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The usual legal recourse for the cosigner when the person named as the primary on a loan has defaulted, is to make the payments on the loan. Then, the cosigner can take the person who defaulted to court to try and recoup some of the money they are out. If the loan was for a car, some states allow the cosigner to take possession of the car and sell it to recoup losses also.

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Oh yes it does. That person put their credit on the line when they signed the contract making me a cosigner.

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If the bank holds the loan, then yes. If the payments are stopped, the bank will repossess anyways.

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In most cases the co-signer is in fact the borrower. I would think as long as you make the payments on time the lender will be o.k. with it, they usually want the money not the collateral back. I would read the finance contract(yes all the small print) there should be something stipulating the conditions for "due on demand". Hope thishelps.

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No. A cosigner is basically a "lender of money." The cosigner is actually taking out the loan and is responsible for paying that debt off should the person the loan is for defaults. If you haven't missed any payments (more than two) and have paid the debt off then the car is yours to do as you want with it. Marcy

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Oral agreement makes no difference to written since unenforceable, essentially loan is your in most states, other person only gets credit for payments made on time

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AnswerIf you have already been the cosigner on the loan, you will remain so until the loan is refinanced or paid in full. It doesn't matter if the cosigner has lost their job or not. As long as the person is making their payments, the cosigner isn't affected at all.Good luck job hunting cosigner! :)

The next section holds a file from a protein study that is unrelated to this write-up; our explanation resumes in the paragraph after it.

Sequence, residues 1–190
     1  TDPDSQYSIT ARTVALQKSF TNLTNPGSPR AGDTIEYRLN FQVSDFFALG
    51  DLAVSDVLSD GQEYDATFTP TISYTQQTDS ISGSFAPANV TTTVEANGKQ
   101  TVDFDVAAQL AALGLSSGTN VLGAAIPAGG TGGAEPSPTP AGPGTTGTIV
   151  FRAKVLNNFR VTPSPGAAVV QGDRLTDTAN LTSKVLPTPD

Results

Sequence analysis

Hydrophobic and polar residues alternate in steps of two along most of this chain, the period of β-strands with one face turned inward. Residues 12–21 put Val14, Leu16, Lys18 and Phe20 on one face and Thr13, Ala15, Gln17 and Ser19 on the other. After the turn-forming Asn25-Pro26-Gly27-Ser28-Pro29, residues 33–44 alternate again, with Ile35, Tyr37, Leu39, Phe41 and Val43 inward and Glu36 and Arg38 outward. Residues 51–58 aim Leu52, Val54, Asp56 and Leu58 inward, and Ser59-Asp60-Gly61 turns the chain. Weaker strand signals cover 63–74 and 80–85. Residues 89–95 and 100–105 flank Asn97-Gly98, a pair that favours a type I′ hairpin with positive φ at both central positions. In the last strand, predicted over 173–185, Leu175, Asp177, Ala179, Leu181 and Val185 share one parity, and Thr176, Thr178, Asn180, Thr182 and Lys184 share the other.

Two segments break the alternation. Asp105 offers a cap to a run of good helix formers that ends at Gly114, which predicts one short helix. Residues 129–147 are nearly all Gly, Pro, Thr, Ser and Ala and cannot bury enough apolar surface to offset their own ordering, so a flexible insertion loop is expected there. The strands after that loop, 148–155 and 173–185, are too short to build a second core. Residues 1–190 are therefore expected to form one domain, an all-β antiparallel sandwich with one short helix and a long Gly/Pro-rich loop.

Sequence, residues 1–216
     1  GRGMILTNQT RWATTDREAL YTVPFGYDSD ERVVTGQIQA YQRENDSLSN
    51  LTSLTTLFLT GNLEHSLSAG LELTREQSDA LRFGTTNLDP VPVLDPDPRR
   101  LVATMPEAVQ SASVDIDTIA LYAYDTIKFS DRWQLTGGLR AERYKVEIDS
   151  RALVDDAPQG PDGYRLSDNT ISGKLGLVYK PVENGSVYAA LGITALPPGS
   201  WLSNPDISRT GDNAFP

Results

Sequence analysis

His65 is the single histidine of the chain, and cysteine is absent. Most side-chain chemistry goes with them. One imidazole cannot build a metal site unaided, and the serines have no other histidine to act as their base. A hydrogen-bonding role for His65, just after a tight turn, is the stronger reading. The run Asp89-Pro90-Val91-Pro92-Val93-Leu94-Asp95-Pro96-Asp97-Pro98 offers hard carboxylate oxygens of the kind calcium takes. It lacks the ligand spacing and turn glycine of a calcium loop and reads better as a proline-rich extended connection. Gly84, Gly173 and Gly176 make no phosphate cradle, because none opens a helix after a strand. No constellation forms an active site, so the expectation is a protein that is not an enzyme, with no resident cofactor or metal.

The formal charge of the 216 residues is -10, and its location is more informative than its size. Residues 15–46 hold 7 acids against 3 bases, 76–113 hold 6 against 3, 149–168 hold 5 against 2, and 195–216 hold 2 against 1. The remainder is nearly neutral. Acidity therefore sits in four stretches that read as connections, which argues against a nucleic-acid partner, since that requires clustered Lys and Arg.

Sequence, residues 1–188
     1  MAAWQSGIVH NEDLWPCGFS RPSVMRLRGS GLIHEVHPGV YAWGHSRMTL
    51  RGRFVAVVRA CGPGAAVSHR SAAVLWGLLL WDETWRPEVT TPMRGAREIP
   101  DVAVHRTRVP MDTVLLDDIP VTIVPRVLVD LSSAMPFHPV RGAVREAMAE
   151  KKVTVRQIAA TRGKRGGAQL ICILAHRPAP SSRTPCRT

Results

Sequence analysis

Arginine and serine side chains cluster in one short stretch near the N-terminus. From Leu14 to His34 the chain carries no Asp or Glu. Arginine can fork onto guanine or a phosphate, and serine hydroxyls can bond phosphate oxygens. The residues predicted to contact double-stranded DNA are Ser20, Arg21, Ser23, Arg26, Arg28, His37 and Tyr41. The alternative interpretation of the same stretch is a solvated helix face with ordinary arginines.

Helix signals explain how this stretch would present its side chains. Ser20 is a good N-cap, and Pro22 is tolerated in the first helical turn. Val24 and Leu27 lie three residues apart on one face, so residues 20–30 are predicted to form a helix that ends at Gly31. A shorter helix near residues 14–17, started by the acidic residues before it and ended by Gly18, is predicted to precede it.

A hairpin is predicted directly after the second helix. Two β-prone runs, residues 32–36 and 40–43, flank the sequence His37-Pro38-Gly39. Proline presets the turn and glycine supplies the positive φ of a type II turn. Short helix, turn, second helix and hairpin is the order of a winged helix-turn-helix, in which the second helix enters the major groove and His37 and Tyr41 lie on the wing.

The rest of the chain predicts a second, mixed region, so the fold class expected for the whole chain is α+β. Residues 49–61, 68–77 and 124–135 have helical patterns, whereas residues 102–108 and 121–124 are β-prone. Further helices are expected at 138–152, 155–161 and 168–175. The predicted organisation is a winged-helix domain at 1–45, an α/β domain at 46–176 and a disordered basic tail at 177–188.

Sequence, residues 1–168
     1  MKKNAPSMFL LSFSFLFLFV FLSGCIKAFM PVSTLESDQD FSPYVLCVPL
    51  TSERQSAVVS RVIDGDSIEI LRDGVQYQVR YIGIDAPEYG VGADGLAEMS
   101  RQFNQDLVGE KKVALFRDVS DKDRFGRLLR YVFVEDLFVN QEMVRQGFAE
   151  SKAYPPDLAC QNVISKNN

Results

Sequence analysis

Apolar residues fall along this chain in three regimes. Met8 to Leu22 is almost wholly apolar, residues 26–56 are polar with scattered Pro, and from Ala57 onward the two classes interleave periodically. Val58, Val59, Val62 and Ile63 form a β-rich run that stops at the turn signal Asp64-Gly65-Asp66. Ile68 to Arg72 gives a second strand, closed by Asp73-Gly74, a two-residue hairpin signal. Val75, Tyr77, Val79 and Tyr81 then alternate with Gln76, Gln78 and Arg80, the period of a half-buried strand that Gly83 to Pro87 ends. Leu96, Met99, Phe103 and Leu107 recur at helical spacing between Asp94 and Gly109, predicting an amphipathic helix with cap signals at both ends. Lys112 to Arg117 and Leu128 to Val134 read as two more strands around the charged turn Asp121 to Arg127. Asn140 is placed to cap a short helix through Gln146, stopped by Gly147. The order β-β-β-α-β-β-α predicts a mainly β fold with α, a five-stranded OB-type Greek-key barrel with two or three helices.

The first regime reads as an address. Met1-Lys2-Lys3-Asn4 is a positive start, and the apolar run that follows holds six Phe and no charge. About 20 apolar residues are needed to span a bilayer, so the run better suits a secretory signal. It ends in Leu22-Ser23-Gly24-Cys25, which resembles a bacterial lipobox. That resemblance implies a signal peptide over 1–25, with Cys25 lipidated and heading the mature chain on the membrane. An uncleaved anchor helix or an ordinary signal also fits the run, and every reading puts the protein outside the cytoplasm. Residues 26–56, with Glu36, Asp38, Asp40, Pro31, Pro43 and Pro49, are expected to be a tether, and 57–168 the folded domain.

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the person making out a cheque and using it for payments

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Yes, Orchard Bank online payments are legal payments. Making online payments is faster, easier, and often more secure for both the person making the payment and the bank itself.

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When you cosign on a loan, you are liable for payment of that loan if the other person does not make payments. Any late payments and other negatives will be reflected on your credit report. The debt will be included in your debt-to-income ratio. If the person makes all payments on time, it could actually help your credit score. Usually, it's the other way around, though. Bottom line: as a cosigner, you are treated as a signer.

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a cosigner is a person who is responsible for the rest of the rent that you don't pay if u get evicted the person who signed as a cosigner will have to go to court

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Yes, a person can sell a car and remain a lien holder until all the payments are made. This is done once in awhile and works well if you don't have to repossess your car.

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IF you are NOT on the TITLE, contact the lender, explain the deal and ask them to repo for you, take the buyer OFF the loan and let you take possession. That will NOT get the payments off you but will give you room to work. You are not the first person to have the problem and most lenders will ways to solve it.